Learn the participative approach.  Learn to SEE the phenomena that exists between you and the animal – that is where the relationship is.  It is not in you, it is not in the animal – it is that energetic space in between.  It is the dynamic that flows between two beings – of any species.

 

Photo credit:  LOS ANGELES, CALIFORNIA: Host Cesar Millan and Pat Parelli pose for a picture.  (Photo credit  © Paul Coneys / MPH – Emery/Sumner Joint Venture)

 

14 thoughts on “Animal “Whisperers”

  1. beautifully put sarah! i saw this a while back and it made me sick. and you hit it right on the mark when you spoke of the ‘magic’ between us our ponies and us. many can not see it or feel it. thanks!

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  2. You have absolutely no understanding of Parelli Natural Horsemanship if you really believe that its purpose is to get “a submissive horse that will do “tricks” for you; you get a horse that will obey your commands. You get a horse that has no depth to the eyes – the soul is lost, the feelings shut down. It’s called learned helplessness – a recognized psychological disorder.” That is the precise opposite of Parelli Natural Horsemanship. If you really care to know about that which you are opining, I highly recommend that you learn what Parelli Natural Horsemanship is by talking to the Parelli’s, visiting their ranch, and experiencing it. I am willing to read about the zooanthropological approach that you recommend, if you will do the same and stop vilifying Parelli Natural Horsemanship because you do not know it or understand it.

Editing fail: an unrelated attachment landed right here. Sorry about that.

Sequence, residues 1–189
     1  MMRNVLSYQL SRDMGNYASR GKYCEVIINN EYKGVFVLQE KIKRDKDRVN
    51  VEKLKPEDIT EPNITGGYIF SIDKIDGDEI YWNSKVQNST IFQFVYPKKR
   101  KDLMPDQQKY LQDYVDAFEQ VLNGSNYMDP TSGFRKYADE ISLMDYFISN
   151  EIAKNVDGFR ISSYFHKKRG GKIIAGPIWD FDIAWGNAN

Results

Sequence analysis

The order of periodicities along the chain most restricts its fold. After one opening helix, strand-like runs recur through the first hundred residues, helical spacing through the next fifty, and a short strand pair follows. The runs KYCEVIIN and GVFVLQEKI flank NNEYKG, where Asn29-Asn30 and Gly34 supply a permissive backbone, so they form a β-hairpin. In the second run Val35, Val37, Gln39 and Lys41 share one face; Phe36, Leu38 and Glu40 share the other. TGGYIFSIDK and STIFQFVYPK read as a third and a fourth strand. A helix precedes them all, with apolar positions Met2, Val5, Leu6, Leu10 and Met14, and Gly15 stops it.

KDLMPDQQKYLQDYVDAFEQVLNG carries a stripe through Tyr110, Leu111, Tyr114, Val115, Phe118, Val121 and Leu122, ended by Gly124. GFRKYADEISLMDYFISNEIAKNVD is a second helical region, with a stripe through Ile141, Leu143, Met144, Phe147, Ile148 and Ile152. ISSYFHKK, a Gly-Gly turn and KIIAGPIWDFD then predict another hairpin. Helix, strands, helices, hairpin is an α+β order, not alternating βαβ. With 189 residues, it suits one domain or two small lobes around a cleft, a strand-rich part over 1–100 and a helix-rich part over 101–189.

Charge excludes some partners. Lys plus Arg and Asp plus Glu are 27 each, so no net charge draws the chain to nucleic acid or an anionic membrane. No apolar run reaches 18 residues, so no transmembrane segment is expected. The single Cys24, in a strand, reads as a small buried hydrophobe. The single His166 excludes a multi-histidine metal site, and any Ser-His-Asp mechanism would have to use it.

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    • Thank you for your comment Barbara. While I have not visited the PNH ranch to say that I have no understanding or experience of PNH methods (or any other NH methodology) is incorrect – I do have and I understand what operant conditioning is, period. Some of us are moving beyond that, simply put.

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  3. I just read the brief intro to the zooanthropological approach. If you will study the work of the Parelli’s, including the foundation in understanding horse psychology and the development of the concept of “Horsenality” , you will see that there is no disconnect.